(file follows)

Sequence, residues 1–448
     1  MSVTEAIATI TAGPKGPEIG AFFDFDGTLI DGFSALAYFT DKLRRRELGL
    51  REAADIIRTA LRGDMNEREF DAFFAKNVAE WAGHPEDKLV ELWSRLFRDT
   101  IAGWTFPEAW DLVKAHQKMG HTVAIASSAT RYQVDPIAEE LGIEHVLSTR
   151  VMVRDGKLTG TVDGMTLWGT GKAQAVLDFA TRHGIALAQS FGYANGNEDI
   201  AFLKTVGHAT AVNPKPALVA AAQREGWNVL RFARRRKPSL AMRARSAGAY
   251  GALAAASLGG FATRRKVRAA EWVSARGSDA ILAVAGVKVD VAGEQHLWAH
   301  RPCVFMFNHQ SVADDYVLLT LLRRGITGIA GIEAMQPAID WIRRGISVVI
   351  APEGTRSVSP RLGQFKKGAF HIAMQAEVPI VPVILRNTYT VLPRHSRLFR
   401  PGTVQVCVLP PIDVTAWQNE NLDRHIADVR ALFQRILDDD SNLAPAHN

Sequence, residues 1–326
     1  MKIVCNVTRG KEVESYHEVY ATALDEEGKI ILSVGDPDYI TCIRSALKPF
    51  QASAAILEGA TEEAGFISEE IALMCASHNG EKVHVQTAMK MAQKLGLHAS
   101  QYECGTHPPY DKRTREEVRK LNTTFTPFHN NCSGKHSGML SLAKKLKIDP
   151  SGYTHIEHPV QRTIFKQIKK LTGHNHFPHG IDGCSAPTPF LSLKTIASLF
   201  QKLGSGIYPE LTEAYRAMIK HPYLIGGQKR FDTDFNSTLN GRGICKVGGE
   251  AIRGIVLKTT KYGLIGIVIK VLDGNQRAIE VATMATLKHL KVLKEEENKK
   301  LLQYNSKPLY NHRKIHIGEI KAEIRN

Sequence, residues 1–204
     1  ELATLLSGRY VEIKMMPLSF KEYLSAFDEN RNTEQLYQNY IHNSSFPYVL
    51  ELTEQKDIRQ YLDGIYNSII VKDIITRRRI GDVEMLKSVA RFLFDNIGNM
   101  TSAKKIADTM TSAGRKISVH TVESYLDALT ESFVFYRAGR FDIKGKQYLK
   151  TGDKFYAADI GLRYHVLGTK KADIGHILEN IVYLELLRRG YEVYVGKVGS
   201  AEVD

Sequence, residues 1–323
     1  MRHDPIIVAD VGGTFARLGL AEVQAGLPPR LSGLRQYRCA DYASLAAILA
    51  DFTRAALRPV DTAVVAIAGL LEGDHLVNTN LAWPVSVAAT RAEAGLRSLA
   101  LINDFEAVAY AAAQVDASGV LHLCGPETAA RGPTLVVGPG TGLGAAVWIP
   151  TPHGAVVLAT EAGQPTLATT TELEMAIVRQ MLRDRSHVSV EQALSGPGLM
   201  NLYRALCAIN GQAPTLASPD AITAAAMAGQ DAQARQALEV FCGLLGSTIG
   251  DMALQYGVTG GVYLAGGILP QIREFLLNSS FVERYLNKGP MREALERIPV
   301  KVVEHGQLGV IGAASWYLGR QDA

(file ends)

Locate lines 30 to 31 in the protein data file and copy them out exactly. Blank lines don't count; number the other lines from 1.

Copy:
   201  NLYRALCAIN GQAPTLASPD AITAAAMAGQ DAQARQALEV FCGLLGSTIG
   251  DMALQYGVTG GVYLAGGILP QIREFLLNSS FVERYLNKGP MREALERIPV